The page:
CS237 Assignment #9
Wake, Warren, Design Paradigms: Introduction; Chapter 10, Multiple Object relations,
Chapter 14: Putting Paradigms to Work
Ware, Colin, Information Visualization: Perception for Design
Gibson’s Affordance Theory (pp. 22-25) Interacting with Visualizations, (pp. 335-353)
McCloud, Scott, Understanding Comics Chapter 3, Blood in the Gutter; Chapter 4,
The first part of the assignment is to complete your interface design, adjusting any weak aspects or adding new features. An overall goal might be simplicity and intuitive ease of use, as well as a vivid and efficient presentation or the data and the overall experience of the model. If physical objects are especially important to your design, find a way of effectively showing their character, either by building actual objects, by drawing, by using altered photos, or by building a CG image. Similarly, if you are including floating menus or other virtual elements in your interface, we should be able to have a very clear idea on Tuesday of your design and how it would function. Often, the process of visually realizing your design as a drawing or other image will give important insights into its feasibility or weakness. You can incorporate some aspects of this visual description into your storyboards, but in the case of handheld tools, for example, the storyboard images may be too small or stylistically simple for the class to get a full idea of your design. In this case, there should be a fuller visual description as a stand-alone image.
Design and execute a “Storyboard” that narrates the interaction of a user with a virtual model of arterial flow. The model can be based on previous assignments, but should particularly focus on an incident of anomalous flow around a side branch, incorporating your understanding of the issues of fluid flow. If you like, you can build an artificial sense of scientific discovery into your storyboard: your design has facilitated an important insight about the effects of flow on an artery wall!
Your interface design begun earlier this week should serve as the basis for the interaction portrayed, with any modifications you want to make to the design in light of Tuesday’s crit. The storyboard should highlight four important aspects of the use of your interface tools, along with transitional frames that show intermediate stages of navigation. The storyboard should ultimately consist of at least six frames. You can show the user navigating through the artery as a separate figure, or show us what the user would be seeing as he or she works in the Cave, or go back and forth between these two “camera angles”. We should see a user examining particular details and employing at least two selection methods to isolate or highlight aspects or subsets of the data. The tools and other interface elements should be clearly shown in use. The combined group of scenes should convey a clear sense of inter-connected events from frame to frame. Note that it may be possible, and narratively effective, to generate the transitional frames through simple camera movement, as the “user” navigates through the space. Those of you who made a digital model in cinema 4D might use your models as the basis for your storyboard: this will save drawing time, as each scene can be generate by shifts in camera movement within the model. Otherwise, any medium is fine for this assignment. Drawings do not need to be overly elaborate , but textures and colors should be include if they are important to an understanding of the actions, and the drawings should be very legible. Any of the “tricks” for showing motion and other time-related or narrative phenomena, which are outlined in the reading from “understanding Comics” can be used to clarify the narrative. Study the format of the sample storyboards from “Mission Hill”. Note the descriptive “timeline” information in the lower half of the page. This is a good format to assist the set of sequential images in describing the interaction you are portraying: images on top, verbal description of action below.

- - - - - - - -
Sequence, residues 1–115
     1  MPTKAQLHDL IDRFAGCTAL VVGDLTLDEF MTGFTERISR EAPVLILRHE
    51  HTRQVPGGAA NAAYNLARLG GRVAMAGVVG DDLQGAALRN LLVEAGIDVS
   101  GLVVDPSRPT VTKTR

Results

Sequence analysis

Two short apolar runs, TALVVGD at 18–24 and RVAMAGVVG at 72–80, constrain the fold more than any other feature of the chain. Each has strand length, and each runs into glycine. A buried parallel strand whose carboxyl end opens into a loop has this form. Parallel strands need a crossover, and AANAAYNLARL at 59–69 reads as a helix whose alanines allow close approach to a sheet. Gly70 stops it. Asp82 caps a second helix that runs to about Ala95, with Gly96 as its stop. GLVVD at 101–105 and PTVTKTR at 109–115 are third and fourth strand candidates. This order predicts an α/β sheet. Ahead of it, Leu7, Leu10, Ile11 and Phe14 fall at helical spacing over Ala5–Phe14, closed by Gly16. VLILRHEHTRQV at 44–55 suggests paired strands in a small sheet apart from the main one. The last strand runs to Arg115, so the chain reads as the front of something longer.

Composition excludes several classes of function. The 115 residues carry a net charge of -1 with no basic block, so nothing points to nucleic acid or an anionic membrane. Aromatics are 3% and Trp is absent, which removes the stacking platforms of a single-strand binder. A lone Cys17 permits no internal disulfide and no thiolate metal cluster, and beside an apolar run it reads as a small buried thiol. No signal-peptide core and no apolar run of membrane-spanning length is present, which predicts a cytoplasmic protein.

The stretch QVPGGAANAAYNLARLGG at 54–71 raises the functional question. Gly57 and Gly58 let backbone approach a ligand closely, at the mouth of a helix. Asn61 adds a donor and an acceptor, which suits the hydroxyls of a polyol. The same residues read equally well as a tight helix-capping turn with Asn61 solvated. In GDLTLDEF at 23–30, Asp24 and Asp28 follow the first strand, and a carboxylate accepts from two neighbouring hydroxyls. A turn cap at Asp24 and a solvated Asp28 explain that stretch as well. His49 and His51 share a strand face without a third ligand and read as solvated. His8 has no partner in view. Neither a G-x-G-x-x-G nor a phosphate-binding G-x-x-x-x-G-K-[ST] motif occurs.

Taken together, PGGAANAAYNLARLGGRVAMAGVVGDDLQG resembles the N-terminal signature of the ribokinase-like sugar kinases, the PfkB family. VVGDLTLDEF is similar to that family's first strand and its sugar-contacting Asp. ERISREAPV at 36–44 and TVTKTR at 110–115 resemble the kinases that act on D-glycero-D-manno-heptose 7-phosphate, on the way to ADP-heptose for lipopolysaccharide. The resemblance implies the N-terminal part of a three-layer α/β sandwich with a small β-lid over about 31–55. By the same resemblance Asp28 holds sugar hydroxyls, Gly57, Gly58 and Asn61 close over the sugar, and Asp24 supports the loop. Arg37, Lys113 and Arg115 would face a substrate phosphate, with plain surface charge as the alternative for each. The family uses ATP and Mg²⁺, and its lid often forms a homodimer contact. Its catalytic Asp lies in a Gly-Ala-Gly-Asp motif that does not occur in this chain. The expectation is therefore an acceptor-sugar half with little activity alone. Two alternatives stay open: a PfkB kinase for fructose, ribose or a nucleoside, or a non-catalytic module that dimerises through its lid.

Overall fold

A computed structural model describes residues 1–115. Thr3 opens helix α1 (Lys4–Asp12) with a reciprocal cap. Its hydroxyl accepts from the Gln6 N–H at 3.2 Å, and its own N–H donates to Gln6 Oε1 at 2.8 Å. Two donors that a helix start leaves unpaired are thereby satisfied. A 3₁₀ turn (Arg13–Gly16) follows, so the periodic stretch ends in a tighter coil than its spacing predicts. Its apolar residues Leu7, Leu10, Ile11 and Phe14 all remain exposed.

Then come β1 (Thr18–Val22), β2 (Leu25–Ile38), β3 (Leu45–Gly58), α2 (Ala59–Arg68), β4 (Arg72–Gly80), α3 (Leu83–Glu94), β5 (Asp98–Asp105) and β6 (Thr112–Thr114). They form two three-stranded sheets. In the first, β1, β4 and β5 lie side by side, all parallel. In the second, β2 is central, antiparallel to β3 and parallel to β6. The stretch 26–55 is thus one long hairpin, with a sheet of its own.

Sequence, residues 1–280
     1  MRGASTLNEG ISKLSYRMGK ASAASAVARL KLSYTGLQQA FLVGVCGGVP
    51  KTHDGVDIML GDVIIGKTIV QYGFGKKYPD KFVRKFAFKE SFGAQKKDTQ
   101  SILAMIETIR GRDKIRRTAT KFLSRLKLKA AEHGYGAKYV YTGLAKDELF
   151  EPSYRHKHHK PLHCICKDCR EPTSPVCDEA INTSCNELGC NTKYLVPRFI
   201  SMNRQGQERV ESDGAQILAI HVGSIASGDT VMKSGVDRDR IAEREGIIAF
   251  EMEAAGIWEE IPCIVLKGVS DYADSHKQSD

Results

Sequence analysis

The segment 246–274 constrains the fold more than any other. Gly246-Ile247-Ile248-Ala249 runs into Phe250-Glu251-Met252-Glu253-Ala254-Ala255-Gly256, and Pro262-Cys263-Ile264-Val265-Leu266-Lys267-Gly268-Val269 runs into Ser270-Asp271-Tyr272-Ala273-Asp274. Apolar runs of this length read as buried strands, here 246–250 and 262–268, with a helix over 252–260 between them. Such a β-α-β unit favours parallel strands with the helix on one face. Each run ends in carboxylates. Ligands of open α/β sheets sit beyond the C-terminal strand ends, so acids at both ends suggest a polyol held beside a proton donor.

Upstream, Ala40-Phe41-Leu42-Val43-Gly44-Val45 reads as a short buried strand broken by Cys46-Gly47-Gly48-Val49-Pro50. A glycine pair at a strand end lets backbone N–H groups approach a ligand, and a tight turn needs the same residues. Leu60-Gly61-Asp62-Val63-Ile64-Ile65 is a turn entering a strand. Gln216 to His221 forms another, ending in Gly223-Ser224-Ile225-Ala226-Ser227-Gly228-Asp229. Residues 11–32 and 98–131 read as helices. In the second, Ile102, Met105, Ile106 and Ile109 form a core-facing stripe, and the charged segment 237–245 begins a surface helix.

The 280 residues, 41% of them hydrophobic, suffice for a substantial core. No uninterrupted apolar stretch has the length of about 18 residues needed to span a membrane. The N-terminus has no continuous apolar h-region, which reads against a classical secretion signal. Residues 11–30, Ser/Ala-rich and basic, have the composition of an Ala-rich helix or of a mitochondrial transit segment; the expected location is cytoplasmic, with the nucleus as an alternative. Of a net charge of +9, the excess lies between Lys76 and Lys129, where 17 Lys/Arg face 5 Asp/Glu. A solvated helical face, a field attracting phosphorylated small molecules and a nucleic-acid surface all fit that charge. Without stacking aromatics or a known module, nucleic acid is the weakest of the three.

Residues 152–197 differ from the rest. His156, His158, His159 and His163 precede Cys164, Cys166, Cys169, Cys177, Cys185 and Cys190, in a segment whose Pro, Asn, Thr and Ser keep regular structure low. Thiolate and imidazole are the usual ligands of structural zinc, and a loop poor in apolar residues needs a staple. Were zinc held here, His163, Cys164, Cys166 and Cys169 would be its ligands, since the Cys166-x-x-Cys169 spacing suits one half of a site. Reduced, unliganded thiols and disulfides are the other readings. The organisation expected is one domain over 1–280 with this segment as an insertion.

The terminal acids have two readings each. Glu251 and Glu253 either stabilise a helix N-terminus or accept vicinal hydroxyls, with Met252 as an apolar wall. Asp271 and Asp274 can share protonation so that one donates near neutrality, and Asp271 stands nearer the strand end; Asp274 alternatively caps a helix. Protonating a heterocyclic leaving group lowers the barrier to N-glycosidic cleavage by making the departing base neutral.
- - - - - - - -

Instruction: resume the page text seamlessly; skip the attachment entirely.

Note: it is almost always going to be more effective to begin your storyboard with a sketch stage, perhaps on separate sheets of paper. This way, in a very simple drawing style, you can consider the composition and sequencing of the individual frames before committing your self to fuller execution. In a very brief linear style, map out the framing, spatial angle and the placement of the objects to best describe a given moment of your storyline. When you have assembled a number of these sketches, you can start to mix and match them in sequential order, filling in blank areas in the narrative, or discarding redundant or uninteresting views. When you have a good sequence of images, you can proceed more confidently to visually realize the images of the storyboard in a style that will be legible and vivid for your audience. Line weight variation, light effects, color, texture or any other visual quality which helps to set the scene can be used.
o Reconsider and “flesh out” interface design
o Create images for each storyboard scene.
o Add explanatory text in “timeline” area of storyboard.
o Answer assignment questions.